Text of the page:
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The Blame Game
In truth, it's probably Terry Allen's fault, says Moad, the Fresno-based artist known for her wild hair, yellow VW Bug (rims and all) and dada-laced performances pieces. Her show "Wheel of Dada," starts at the Rogue this weekend.
Only, she was still a student in the art department at Fresno State at the time (he was her professor), and maybe didn't know it.
She'd done performance art before. Her first piece (not withstanding the puppet shows she put on with her brother out the bathroom window) was for a class, a three-part creation called "Opera Cat," that included visuals, sound and performance. She staged it in the courtyard on campus.
But Allen changed the way she looked at art (in quotes).
She began to question product versus process.
For instance: Trek Thunder Kelly, an artist from Venice (Beach), spent each day of 2006 with a different word written on his body. The words, submitted from viewers on his Web site, became part of a 365 word poem.
That's process and product.
Or, the S.F. based Antenna Theater group, who created an installation piece at Fresno State in the 1980s. They had the audience directed through the piece via a Walkman and headphones, while the performers walked around in Picasso-style cubist masks. "And everyone did what they were told to do in a different way," Moad says. "You really became part of the piece."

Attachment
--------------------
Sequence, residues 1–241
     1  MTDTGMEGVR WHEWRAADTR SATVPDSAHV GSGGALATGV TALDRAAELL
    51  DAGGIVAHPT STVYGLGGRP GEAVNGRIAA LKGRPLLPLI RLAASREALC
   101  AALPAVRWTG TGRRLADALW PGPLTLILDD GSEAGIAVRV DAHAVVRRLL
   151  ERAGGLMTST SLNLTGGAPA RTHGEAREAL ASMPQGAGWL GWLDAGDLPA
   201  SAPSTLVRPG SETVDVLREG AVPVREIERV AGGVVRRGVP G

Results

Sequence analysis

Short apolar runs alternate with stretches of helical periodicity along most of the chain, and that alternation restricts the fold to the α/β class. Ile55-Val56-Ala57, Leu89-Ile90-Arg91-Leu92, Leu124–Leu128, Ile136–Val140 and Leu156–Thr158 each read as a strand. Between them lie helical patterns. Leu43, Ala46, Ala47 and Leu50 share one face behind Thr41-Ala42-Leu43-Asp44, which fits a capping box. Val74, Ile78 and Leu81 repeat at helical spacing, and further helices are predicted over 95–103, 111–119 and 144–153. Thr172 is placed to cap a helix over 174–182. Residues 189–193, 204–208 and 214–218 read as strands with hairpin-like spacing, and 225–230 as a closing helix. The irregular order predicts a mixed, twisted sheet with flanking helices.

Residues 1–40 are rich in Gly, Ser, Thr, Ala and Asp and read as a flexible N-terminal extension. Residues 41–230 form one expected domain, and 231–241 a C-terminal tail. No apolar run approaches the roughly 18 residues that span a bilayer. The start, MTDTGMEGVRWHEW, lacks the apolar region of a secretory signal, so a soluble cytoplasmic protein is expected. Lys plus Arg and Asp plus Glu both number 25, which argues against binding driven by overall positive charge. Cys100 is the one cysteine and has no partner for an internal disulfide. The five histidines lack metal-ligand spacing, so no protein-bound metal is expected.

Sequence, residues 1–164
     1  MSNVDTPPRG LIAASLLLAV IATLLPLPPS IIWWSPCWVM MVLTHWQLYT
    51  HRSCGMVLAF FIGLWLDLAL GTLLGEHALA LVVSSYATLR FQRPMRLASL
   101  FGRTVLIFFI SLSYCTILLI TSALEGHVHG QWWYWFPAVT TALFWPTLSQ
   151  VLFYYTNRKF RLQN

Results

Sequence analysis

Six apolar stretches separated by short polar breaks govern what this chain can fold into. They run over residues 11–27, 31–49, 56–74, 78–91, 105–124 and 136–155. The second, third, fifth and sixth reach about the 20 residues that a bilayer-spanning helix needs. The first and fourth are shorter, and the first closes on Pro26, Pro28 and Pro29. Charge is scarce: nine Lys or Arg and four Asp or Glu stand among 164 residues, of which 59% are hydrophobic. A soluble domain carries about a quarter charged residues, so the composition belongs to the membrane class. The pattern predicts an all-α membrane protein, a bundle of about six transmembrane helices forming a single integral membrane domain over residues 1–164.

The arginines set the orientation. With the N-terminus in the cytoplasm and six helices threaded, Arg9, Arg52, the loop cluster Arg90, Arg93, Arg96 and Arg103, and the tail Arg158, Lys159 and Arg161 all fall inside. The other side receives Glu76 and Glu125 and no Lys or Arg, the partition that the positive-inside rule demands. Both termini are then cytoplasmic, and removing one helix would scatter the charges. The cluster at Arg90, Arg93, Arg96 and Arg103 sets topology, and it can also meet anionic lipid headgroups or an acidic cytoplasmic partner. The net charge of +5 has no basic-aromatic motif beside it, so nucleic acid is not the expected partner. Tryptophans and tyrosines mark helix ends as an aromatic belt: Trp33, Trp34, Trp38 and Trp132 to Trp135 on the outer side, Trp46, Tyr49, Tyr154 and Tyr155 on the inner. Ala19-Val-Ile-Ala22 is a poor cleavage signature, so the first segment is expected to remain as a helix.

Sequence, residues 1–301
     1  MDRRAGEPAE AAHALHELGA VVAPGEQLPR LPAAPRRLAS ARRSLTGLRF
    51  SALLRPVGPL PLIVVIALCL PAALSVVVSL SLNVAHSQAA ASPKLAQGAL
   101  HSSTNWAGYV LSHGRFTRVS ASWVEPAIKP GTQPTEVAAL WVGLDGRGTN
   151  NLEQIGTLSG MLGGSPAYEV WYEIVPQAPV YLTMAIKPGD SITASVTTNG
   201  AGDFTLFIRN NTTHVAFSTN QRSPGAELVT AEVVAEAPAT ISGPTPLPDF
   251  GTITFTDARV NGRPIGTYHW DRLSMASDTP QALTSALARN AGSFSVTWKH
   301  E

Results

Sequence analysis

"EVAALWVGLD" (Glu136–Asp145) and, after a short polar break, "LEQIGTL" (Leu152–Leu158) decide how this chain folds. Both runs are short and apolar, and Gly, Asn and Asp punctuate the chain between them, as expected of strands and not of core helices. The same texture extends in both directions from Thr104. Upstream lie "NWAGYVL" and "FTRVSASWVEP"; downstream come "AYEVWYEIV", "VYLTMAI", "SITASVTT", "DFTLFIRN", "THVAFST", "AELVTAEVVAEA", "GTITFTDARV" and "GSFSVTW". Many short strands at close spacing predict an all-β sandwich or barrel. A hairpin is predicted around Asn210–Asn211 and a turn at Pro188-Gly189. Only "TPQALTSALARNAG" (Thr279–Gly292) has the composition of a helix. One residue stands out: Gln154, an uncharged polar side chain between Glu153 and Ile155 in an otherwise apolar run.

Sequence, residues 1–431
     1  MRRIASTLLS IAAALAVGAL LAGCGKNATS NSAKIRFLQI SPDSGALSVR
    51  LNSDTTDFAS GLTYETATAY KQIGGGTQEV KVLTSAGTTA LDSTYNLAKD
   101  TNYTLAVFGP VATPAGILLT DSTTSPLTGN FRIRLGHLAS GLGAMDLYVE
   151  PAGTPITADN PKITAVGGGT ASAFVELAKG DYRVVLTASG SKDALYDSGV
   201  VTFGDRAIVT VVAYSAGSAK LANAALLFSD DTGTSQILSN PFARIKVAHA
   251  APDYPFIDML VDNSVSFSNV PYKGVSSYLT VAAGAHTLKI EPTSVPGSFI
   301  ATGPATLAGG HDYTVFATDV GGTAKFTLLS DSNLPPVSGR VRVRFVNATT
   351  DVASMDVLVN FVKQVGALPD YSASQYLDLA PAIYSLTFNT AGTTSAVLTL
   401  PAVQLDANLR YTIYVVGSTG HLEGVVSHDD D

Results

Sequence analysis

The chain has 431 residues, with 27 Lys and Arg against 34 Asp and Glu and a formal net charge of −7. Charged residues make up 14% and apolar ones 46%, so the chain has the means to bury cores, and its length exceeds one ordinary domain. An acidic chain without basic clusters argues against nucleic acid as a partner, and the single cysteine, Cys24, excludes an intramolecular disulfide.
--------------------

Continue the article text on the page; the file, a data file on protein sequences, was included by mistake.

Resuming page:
"And now, for me, it's all process," Moad says.
Her work strives to destroy the line between artist (in quotes) and audience (in quotes), she says, and create an experience that happens for both, together.
In "Dada Voodoo," Moad created a performance from an 18-inch-tall voodoo doll, name tags, darts, Polaroid photos and the audience. Each participant was given a name tag and three darts, was instructed to write a behavior, action, condition, attitude or mojo that had a hold over them.
The name was placed on the voodoo doll and the darts were thrown in its general direction, symbolically eradicating the power of the chosen irritant.
Mallory took Polaroids of each person standing next to their "target." The photos were signed and posted within the installation, creating an exhibit that evolved over the course of the evening.
For "Wheel of Dada," it's a roll of the die or the spin of a wheel.
But don't worry, shy ones, she doesn't drag people on to the stage, try to embarrass anyone for a quick laugh.
When it works, the experience can be wonderful for all involved, she says.
When it doesn't work?
Maybe she gets a review. Her worst suggested that she be chopped up into tiny pieces and served, buffet-style, to the audience. That's far beyond "you suck."
But she knows the risks, and on those days you just have to go with it.
"And hope they don't write a review."